More notably, the notion of Secure Growth – or protecting APEC’s citizens’ economic and physical well-being – was enshrined in the APEC Leaders’ Growth Strategy last November. Members were specifically instructed to strengthen disaster risk reduction approaches and develop mechanisms to maximize resilience in the region. These are tasks that will be undertaken in this two-day workshop. Your findings will be shared with Ministers and Leaders at the end of the year.
APEC has been working toward such vital solutions since 2004 when, as an immediate response to the Indian Ocean Tsunami, APEC established the Task Force for Emergency Preparedness (TFEP). Since then, numerous workshops and studies have been conducted across the region to share experiences and best practices in coping with emergency situations.

In 2009, APEC Leaders reaffirmed the importance of enhancing human security and reducing the threat of disruptions to business and trade in the Asia-Pacific region. Recognizing the importance of its work, in 2010, the Task Force was granted the status to “Working Group” giving it a long-term mandate within APEC.

Now, the APEC Emergency Preparedness Working Group is playing a more pivotal and constructive role in enabling the region to better prepare for, and respond to, emergencies. Currently, the working group is implementing projects ranging from wildfire management to precipitation forecasting. The group is also undertaking a study to help make schools in the APEC region more resilient to seismic shocks, utilizing the OECD’s school earthquake safety policy. And next month in Sendai, Japan, the group will hold a workshop aimed at fostering private sector preparedness and business continuity planning. As we all know the coastal areas of Sendai suffered catastrophic damage from the Tohoku tsunami in March of this year.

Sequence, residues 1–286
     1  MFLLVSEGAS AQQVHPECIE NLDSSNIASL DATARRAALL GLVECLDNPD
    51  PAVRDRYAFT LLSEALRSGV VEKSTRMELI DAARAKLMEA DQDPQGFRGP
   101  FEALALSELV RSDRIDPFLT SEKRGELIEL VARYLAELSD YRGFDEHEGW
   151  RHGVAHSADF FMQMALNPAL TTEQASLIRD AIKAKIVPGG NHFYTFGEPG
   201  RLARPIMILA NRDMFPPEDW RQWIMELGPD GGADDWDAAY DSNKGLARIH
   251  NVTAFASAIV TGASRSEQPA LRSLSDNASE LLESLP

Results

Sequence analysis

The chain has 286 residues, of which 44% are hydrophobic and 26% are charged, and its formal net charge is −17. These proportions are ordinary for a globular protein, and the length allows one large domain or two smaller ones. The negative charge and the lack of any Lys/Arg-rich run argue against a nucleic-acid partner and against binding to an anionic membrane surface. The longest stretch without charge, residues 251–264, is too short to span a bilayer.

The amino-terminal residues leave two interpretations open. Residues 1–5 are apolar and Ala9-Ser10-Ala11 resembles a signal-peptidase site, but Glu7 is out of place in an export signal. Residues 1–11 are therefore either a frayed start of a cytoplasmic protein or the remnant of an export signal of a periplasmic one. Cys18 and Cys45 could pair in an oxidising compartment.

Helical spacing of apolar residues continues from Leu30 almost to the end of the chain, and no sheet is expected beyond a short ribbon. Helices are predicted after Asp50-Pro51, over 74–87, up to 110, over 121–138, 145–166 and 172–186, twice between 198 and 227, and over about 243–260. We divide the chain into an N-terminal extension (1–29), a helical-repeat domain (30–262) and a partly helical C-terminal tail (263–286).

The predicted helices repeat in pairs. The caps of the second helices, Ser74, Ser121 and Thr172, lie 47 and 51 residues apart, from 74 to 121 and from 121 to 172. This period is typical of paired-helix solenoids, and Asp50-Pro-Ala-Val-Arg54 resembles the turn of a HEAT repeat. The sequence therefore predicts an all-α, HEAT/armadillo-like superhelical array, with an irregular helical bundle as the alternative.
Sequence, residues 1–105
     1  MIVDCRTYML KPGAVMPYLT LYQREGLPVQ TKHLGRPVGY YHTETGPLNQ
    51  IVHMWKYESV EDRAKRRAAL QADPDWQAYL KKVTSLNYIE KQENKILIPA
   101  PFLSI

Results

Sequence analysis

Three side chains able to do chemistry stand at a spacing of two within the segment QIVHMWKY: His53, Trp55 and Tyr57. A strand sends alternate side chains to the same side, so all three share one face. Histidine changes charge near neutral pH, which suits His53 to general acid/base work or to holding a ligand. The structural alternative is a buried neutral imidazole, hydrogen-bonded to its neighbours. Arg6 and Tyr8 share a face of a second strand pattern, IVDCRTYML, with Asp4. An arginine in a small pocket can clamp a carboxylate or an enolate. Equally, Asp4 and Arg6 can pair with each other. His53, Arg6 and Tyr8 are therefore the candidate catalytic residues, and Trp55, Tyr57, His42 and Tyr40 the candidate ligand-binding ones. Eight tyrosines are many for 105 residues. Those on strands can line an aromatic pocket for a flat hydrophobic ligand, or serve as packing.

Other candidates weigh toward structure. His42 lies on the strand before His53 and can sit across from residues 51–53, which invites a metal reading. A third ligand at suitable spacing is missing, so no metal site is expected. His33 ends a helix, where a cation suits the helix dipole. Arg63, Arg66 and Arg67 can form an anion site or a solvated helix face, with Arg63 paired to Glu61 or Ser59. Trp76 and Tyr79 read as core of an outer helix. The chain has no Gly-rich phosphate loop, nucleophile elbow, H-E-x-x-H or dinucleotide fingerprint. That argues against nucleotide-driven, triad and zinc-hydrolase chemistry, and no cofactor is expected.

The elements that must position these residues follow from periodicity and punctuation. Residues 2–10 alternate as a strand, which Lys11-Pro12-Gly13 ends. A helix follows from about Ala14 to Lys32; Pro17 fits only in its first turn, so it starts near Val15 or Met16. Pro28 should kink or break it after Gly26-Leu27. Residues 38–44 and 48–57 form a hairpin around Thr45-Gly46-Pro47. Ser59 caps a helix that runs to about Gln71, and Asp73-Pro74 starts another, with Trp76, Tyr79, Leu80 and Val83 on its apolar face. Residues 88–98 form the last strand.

Another key initiative in the area is the establishment of the APEC Climate Center in 2005. Located in Busan, Korea, this Center houses some of the region’s best climate scientists and develops real-time climate data using state-of-the-art climate prediction systems. This high-cost climate information is then made readily accessible to all APEC economies.
APEC is taking significant steps in strengthening the capacity of individuals, businesses and the region to mitigate emergencies and disasters. It is important to note that APEC’s efforts do not include deploying emergency response units, as this exceeds our mandate as a trade and investment forum. Nonetheless, we work closely with complementary organizations to learn more. For example, the ASEAN Coordinating Centre for Humanitarian Assistance is a newly established unit that facilitates cooperation and coordination on disaster management and emergency response issues.

APEC recognizes that dealing with disasters requires a coordinated and integrated response. Thus by undertaking these emergency preparedness projects, and sharing expertise and collaborating on flood disaster management issues in workshops such as this, APEC members are better protected and lives can be saved.

Through the work of APEC’s Emergency Preparedness Working Group and collaboration internally within APEC and externally with other international and regional organizations – including the UN and ASEAN – APEC continues to strengthen the region’s overall natural disaster management systems and enhance economies’ abilities to manage the risks of floods. This will greatly benefit the people living in flood-prone areas.

Emergency preparedness will, no doubt, continue to remain at the center of APEC’s human security agenda. Given the magnitude and unpredictability of recent natural catastrophes, this agenda is increasing in both urgency and seriousness. Thus, APEC’s contribution grows more vital with each passing year.

I look forward to hearing about the invaluable accounts you have experienced in dealing with such crises. You will undoubtedly be sharing innovative strategies to best manage flood disasters. The citizens of all APEC economies will benefit as you help develop a new vision for the region in combating abnormal floods.

Thank you.